According to the National Coalition Against Domestic Violence (NCADV), one in three women and one in four men have experienced some form of physical violence from an intimate partner. If you or a loved one have experienced violence, harassment, or threats at the hands of a domestic partner – or if you have been wrongfully accused of these actions – you deserve quality care, protection, and legal representation.
Unfortunately, domestic violence remains a huge problem in the United States today. However, there are certain protections available for victims of domestic violence. A restraining order is one of these.
What is a restraining order?
A restraining order, also known as a protective order, is a legal order a court issues to protect one person from the dangerous or harmful actions of another. Each state handles restraining orders differently. In Maryland, for example, someone can apply for a protective or peace order, depending on the details of their case. The District of Columbia calls these civil protection orders, while the commonwealth of Virginia refers to these as protective orders.
What does a restraining order do, exactly?
Protective orders act as a legal barrier between a victim (the person the order protects) and the respondent (the person the order is taken out against). Based on the protections in the order, the respondent may not contact, harass, or otherwise interact with the victim. They may also be barred from certain places, like the victim's home, workplace, school, or other locations. This is done to ensure the victim's protection, safety, and security in his or her day-to-day life.
If the respondent violates the terms of the restraining order, they can be arrested, jailed, or otherwise punished. If you have a restraining order against someone in your life, and the terms are violated, the critical first move is to call the police to ensure your protection.
Who is eligible for a restraining order?
Anyone who is a victim of certain acts – such as domestic violence, harassment, stalking, or other crimes – is eligible to apply for a restraining order against the perpetrator.
Depending on the state, you may be eligible for one type of protective order over another. For example, Maryland has two different types of restraining order: protective orders are for situations where the respondent and petitioner are related by blood, marriage, or other intimate relationships, while peace orders are for less personal situations, like coworkers, clients, and strangers.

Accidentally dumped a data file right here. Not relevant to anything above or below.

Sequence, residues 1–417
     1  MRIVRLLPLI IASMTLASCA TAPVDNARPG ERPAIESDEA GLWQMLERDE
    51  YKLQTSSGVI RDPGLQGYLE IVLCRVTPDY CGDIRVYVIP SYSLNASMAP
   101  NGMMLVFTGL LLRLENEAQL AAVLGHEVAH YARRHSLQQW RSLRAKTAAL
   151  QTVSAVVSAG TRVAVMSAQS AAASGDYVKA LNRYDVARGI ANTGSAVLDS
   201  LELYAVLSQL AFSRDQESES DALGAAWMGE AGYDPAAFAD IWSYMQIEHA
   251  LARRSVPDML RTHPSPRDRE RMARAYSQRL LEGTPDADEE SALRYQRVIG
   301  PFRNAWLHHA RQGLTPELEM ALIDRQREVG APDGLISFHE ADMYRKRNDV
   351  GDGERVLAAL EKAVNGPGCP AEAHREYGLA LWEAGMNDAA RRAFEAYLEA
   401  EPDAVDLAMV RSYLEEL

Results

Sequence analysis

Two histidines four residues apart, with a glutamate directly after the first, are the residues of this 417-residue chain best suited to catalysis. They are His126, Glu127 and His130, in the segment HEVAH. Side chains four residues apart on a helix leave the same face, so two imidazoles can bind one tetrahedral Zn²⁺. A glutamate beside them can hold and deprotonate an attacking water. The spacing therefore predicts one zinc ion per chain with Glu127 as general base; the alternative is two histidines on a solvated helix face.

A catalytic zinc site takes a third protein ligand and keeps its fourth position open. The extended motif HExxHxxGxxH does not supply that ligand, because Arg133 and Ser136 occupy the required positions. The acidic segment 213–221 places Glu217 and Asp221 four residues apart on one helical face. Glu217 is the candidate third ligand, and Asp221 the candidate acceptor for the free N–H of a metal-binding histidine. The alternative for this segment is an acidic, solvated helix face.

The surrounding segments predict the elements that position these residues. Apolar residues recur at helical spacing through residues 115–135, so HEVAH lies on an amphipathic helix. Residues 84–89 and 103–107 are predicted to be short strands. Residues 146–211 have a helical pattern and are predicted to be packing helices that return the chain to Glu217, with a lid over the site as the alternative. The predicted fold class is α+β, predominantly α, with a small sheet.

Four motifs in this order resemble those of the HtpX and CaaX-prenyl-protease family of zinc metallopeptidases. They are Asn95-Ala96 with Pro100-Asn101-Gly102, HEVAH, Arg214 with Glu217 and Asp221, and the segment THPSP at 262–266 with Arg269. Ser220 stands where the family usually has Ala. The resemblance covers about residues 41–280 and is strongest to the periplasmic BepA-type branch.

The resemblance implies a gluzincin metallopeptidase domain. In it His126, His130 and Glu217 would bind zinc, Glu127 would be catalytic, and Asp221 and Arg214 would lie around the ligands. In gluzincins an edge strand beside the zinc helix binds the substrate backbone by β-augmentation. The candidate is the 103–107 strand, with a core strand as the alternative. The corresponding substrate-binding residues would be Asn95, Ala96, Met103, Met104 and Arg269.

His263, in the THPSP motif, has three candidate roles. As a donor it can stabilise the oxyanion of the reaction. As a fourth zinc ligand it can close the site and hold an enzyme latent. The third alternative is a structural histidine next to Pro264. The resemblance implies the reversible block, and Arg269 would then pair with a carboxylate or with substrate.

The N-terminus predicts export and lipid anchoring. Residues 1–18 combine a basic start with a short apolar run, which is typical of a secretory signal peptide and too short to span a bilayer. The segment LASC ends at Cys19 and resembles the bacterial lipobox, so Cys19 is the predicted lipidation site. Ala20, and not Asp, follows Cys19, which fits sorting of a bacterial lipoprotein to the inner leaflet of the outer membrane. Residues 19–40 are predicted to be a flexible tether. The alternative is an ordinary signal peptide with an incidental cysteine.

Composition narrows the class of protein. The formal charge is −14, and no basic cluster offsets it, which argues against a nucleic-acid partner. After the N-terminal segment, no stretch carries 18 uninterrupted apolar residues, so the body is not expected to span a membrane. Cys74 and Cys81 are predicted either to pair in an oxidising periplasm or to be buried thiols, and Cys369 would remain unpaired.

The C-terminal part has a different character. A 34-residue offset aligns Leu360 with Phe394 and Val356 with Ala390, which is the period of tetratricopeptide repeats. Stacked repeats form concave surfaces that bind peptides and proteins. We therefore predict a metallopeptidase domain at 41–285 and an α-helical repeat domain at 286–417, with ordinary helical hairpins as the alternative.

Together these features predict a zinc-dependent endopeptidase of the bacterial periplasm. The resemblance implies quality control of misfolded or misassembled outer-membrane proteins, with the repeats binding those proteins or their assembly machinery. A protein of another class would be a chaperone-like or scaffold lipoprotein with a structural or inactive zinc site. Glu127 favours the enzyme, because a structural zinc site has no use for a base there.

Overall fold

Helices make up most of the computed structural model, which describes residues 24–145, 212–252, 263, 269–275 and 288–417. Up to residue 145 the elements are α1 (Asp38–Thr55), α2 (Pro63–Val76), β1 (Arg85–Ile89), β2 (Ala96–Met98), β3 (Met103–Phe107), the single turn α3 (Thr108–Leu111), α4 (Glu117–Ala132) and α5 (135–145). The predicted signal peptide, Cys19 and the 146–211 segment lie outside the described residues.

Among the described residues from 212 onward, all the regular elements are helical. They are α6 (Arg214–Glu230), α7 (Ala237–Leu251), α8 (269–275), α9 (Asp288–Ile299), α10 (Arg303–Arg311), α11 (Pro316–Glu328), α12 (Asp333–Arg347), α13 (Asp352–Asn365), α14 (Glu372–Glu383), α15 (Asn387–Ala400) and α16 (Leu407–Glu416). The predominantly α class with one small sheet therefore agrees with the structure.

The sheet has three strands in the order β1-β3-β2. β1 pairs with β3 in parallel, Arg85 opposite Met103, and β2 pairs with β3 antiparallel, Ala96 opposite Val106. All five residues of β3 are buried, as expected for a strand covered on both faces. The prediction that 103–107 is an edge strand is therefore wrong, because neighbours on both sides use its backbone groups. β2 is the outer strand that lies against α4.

How do you get a restraining order?
While each state has different specifications, the basic process remains the same. The victim files a petition against the respondent with their local circuit or District Court and brings evidence and/or witnesses to a temporary hearing.
At this first hearing, a judge will hear the victim's case and determine whether a temporary restraining order is necessary. These typically last from 3 to 10 days, at which point the victim and respondent are required to appear in court to determine if a final protective order is necessary. At this second hearing, a restraining order can be put in place which is likely valid for several months or up to two years, depending on the jurisdiction. These can also be renewed prior to their expiration.
What about protective orders that are filed on false pretenses?
Domestic violence in the United States is a serious and troubling topic, and should never be taken lightly. Unfortunately, in some family law cases that turn sour, it is not uncommon for one party to file for a protective order against the other, alleging abuse or neglect that may not have taken place. Particularly for members of the armed forces, a protective order sought on false allegations can have a catastrophic impact.
Until recently, most courts required “clear and convincing” proof of the alleged abuse before it would grant a protective order, but a few years ago, several states – including Maryland – reduced the standard of proof to merely a preponderance of the evidence standards (i.e., “more likely than not.”) As a result, now false allegations can be difficult to disprove (particularly if no witnesses were present during the alleged incident). Because protective orders prevent the respondent from possessing a firearm based on a federal law termed “The Lautenberg Act,” the issuance of an unjust protective order can have a catastrophic impact on a service member's career.
In volatile cases like these, a Patriots Law Group attorney can help. We have successfully defended protective order cases or found solutions to resolve such case in a manner that protects the service member's career or ability to possess a firearm. Further, we know the rules for “shielding” a protective order from public view and can work to ensure future employers cannot see an order that has expired.
What do I do next?
If you are preparing to file a petition for a protective order, or are facing a Notice to Appear in Court because someone has filed a protective order against you, you have a right to qualified, experienced legal help.
At Patriots Law Group, we offer family law support for military and civilian clients alike. We know how emotionally difficult this process can be and the effects a restraining order can have on careers and one's stress level. We are in your corner. We are here to help.
Call 301-952-9000 today to learn more.
DISCLAIMER: The information above is for general informational purposes only and is not intended to serve as legal advice for any particular case or situation. No attorney-client relationship is intended or created by this information. Each individual situation is different, and therefore, a formal in-person consultation is necessary before any advice or information can be relied upon as appropriate and accurate for a particular case. Please call Patriots Law Group at 301-952-9000 to set up a consultation if you wish to obtain specific legal advice concerning your situation.